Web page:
By Lambert Strether of Corrente.
“TPP Threatens Indigenous Land Rights Says the UN” [TeleSUR]. “According to Tauli-Corpuz, the major issue with the TPP is “the clause of non-discrimination between a local and an international investor … (it) grants more rights to transnational firms, often at the expense of indigenous rights,” she said in an interview with the International Work Group for Indigenous Affairs. This is a crucial issue, she argued, as most of the remaining natural resources available on earth are located on indigenous lands — because protecting them is part of the indigenous culture, or because they are located on remote lands.”
Romney, 2016: “[ROMNEY:] Here’s what I know: Donald Trump is a phony, a fraud. His promises are as worthless as a degree from Trump University. He’s playing members of the American public for suckers: He gets a free ride to the White House, and all we get is a lousy hat” [CNN].
Romney, 2012: “[ROMNEY:] Donald Trump has shown an extraordinary ability to understand how our economy works to create jobs for the American people. He’s done it here in Nevada, he’s done it across the country… He’s one of the few people who stood up and said, you know what, China’s been cheating. They’ve taken jobs from Americans” [Political Wire].
“[TRUMP:] Mitt Romney is a stiff. Mitt Romney will not get elected. Mitt Romney failed twice and really failed last time. He was going against a president that should have been beaten” [Politico].
“Donald Trump and a small team of confidants began planning his White House bid just weeks after Mitt Romney’s 2012 loss to President Barack Obama.” [Wall Street Journal, “Donald Trump’s Presidential Run Was Long in the Making”]. “The businessman trademarked his “Make America Great Again” slogan in November 2012, according to federal records… Between 2012 and his presidential campaign launch last June, Mr. Trump gave more than $1 million to GOP candidates, super PACs and groups such as the Republican Governors Association, records show. He declined to renew his contract to host “The Apprentice” in early 2015.”
“The Koch brothers, the most powerful conservative mega donors in the United States, will not use their $400 million political arsenal to try to block Republican front-runner Donald Trump’s path to the presidential nomination” [Reuters]. Unless they’re lying. And who could tell, dark money being what it is? As we saw yesterday, Trump’s campaign manager used to work for the Kochs. So I dunno….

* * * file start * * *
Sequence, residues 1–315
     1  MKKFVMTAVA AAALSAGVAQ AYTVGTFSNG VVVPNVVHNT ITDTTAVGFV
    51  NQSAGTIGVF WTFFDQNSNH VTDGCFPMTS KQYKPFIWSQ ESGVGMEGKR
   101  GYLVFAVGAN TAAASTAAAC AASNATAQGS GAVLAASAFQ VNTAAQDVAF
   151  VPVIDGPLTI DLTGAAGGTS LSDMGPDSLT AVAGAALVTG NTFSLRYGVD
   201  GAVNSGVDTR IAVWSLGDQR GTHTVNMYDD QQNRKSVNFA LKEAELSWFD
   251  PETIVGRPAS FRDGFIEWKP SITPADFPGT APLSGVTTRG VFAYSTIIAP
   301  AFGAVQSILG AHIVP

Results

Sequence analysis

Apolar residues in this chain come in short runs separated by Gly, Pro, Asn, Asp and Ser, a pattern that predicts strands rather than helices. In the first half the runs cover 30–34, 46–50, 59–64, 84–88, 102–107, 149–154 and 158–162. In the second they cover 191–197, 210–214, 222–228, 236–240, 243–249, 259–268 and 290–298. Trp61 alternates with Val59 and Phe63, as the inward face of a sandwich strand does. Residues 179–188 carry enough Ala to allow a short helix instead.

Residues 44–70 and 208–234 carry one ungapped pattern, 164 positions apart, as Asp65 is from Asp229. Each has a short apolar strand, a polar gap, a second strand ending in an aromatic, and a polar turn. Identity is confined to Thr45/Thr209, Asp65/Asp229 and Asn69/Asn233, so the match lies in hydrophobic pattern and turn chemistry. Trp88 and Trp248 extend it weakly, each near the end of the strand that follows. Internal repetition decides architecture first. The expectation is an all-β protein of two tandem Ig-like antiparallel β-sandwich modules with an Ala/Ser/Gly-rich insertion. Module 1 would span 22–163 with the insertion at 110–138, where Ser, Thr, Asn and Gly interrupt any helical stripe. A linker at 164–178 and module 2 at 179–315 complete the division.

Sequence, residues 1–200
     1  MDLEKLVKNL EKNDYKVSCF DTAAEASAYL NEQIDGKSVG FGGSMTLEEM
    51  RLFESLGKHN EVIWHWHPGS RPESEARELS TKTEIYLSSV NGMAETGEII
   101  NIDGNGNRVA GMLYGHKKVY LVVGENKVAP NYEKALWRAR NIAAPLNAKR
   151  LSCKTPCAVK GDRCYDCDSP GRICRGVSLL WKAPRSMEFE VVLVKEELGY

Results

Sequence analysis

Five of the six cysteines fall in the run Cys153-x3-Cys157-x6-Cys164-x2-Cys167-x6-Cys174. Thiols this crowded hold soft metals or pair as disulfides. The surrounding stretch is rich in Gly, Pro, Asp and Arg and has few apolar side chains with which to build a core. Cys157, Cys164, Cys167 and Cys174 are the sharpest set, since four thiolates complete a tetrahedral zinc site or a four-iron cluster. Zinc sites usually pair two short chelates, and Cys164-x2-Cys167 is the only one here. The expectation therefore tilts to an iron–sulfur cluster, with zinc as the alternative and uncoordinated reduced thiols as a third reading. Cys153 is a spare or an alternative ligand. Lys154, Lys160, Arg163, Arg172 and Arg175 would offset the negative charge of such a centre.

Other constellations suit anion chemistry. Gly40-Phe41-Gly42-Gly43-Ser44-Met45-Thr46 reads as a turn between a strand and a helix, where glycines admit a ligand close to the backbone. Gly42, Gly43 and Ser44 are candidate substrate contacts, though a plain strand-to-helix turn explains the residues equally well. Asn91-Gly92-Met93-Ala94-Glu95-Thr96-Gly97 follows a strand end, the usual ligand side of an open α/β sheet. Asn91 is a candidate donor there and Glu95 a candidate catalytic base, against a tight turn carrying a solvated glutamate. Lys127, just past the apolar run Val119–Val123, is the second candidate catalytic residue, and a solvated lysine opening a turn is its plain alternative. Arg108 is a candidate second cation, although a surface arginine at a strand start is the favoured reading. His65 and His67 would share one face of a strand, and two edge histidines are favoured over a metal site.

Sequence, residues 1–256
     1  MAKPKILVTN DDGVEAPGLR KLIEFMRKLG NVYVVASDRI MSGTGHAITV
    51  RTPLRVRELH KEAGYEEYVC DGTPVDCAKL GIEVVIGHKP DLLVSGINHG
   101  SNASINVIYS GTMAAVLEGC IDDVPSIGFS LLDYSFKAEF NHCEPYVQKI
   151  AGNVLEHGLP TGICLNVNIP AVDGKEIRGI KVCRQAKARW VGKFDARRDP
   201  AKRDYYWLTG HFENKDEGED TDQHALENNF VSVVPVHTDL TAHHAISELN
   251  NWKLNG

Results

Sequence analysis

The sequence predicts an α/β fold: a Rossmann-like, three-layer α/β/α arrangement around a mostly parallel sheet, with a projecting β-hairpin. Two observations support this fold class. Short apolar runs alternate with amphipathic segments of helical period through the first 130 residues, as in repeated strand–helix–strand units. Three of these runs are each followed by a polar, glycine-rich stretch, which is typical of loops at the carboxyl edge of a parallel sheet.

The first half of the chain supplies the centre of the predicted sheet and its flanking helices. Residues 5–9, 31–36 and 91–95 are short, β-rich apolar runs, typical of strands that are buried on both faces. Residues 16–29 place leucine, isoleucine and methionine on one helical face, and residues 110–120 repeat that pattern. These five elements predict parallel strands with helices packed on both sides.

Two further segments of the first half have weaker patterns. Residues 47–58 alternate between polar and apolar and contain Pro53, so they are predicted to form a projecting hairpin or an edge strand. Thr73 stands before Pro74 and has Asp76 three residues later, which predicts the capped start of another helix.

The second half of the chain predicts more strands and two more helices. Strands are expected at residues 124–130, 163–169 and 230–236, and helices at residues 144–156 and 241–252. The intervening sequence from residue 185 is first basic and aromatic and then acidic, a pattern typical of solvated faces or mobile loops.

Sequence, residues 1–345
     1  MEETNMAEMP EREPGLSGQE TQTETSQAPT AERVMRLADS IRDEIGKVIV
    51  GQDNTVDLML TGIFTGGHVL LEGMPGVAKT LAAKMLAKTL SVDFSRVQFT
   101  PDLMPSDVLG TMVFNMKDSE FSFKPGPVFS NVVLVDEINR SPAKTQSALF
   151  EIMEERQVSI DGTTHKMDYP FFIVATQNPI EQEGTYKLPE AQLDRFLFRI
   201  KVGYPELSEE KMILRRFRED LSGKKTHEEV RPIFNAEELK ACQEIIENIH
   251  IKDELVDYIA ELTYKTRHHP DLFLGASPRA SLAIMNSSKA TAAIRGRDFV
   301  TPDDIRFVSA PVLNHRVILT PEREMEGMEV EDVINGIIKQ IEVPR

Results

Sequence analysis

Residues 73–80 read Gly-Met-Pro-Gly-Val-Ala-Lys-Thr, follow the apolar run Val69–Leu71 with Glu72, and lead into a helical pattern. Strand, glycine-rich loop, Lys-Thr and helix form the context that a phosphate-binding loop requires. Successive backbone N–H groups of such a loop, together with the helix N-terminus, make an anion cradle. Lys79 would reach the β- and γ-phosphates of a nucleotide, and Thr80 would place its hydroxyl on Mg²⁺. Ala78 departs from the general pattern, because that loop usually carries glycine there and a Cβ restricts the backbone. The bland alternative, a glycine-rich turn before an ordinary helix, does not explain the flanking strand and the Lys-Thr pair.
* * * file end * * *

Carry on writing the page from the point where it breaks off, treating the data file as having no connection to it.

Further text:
“Clinton is doing what pretty much every Republican in the country failed to do — she’s taking Trump seriously” [Alternet]. “Another way to damage Trump is to beat him at his own game. The Rand Corp. found recently that the biggest predictor for whether someone will support Donald Trump is if they believe that ‘people like me don’t have any say about what the government does.; To keep people from defecting to Trump, you need to make them feel like they have a stake in your campaign, which is probably where the Clinton people could learn a thing or two from Bernie Sanders’ campaign.” And won’t.
“In his proposal, Trump says allowing insurance to be sold across state lines will end up “allowing full competition in this market” so that “insurance costs will go down and consumer satisfaction will go up.” However, in 2012, Georgetown University researchers looked at states that had enacted legislation to encourage cross-border insurance commerce. They found that the initiatives “do not address the true drivers of health insurance costs nor do they adequately take into account the complexity of how insurance products are sold and regulated.” They also found that “none of the across state lines laws resulted in a single insurer entering a new market or the sale of a single new insurance product” [International Business Times].
“Mr. Cruz’s argument is confusing because the United States already has socialized medicine for the elderly: Medicare. Nearly every American over the age of 65 qualifies for the government program. There are some services that Medicare doesn’t cover, and in some cases, patients may have to wait to get a doctor’s appointment or a surgery date, just like Americans with any other insurance. But the Medicare program itself does not decide which people should get services like hip replacements first and who should have to wait. Indeed, patients in Medicare typically have faster and more equal access to health care than nonelderly adults in the United States, because they have universal insurance coverage and Medicare is widely accepted by doctors and hospitals” [New York Times]. But heaven forfend we should have Medicare for All!